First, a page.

8

Another figure in Gaetz investigation agrees to cooperate

Florida radio host Joseph "Big Joe" Ellicott has agreed to plead guilty to fraud and drug charges and cooperate with the investigation into allegations against Rep. Matt Gaetz (R-Fla.), including sexual contact with a minor, sex trafficking, and obstruction of justice, one of Ellicott's attorneys, Joe Zwick, said Wednesday. Ellicott is only loosely acquainted with Gaetz, but he was good friends with former Seminole County tax collector Joel Greenberg, Gaetz's "wingman" who is central to the investigation into whether Gaetz paid for sex with a 17-year-old and then obstructed justice. Greenberg also is cooperating under a plea deal. Gaetz has repeatedly denied any wrongdoing, and has not been charged with any crimes. Zwick said his client already has met with investigators to discuss Gaetz.

9

San Jose becomes 1st city mandating insurance for gun owners

San Jose, California, has become the first city in the country to require gun owners to buy liability insurance. The San Jose City Council approved the measure in a lopsided Tuesday night vote over opposition from gun-rights advocates and gun owners, who said the ordinance would violate the Second Amendment. Critics of the policy vowed to challenge it in court. Supporters on the council, some of whom said they had friends killed by gunfire, said the requirement would help address gun violence, which Councilmember Sergio Jimenez called "a scourge on our society." The insurance requirement will encourage the city's 55,000 gun-owning households to use gun safes and trigger locks, and take gun safety classes, Mayor Sam Liccardo (D) said.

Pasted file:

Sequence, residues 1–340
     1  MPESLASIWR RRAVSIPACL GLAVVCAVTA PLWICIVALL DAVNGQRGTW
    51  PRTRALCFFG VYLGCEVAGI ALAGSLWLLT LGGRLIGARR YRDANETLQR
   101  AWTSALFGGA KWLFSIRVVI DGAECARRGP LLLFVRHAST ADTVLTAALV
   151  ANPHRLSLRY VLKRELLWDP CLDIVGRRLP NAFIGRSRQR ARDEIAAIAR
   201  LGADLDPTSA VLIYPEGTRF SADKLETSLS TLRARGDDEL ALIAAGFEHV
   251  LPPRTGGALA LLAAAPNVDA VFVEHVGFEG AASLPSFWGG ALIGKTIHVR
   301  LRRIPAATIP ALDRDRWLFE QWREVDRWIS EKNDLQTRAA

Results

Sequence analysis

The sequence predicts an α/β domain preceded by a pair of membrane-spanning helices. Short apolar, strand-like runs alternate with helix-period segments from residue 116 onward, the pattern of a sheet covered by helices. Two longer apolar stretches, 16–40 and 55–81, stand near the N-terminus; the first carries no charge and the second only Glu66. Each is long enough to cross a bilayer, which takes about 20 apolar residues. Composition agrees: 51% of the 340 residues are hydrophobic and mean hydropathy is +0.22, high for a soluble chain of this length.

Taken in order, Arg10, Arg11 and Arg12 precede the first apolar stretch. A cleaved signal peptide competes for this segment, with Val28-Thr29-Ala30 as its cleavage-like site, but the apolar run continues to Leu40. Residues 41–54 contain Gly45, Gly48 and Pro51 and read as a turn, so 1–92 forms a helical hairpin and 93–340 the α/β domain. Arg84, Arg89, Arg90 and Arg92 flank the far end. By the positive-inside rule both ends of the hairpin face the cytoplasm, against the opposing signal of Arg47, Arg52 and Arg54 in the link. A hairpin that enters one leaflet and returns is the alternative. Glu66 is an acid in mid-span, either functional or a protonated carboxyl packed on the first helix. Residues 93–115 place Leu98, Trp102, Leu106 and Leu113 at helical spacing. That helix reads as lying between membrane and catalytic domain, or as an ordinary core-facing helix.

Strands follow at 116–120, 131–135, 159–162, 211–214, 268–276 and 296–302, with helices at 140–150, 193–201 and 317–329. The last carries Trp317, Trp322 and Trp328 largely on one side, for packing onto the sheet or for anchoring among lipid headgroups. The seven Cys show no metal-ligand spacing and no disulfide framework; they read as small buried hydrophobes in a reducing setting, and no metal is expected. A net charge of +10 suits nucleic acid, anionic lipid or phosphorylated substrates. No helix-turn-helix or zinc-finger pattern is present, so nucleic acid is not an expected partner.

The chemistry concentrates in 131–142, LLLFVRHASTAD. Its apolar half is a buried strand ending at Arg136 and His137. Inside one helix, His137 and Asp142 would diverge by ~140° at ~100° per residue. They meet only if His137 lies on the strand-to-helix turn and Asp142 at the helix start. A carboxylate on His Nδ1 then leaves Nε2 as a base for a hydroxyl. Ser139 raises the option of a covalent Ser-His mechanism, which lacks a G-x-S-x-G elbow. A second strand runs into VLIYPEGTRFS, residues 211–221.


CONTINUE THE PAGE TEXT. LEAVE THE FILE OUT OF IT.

10

Charlie Brown voice actor Peter Robbins dies at 65

Peter Robbins, the voice actor who portrayed Charlie Brown in the 1960s Peanuts cartoons, has died from suicide, his family confirmed Wednesday. He was 65. Robbins voiced Charlie Brown from 1963 to 1969 in such classic TV specials as A Charlie Brown Christmas and It's the Great Pumpkin, Charlie Brown. He battled mental illness and addiction throughout his adult life. In 2013, Robbins pleaded guilty to threatening and stalking his ex-girlfriend and her cosmetic surgeon. Robbins reportedly suffered from bipolar disorder, and checked himself into a California mental hospital shortly after Christmas. He told his agent, Dylan Novak, "I really need your prayers," according to TMZ. Hospital staff reportedly urged him to stay a few weeks, but he discharged himself on Jan. 18 and was found dead days later.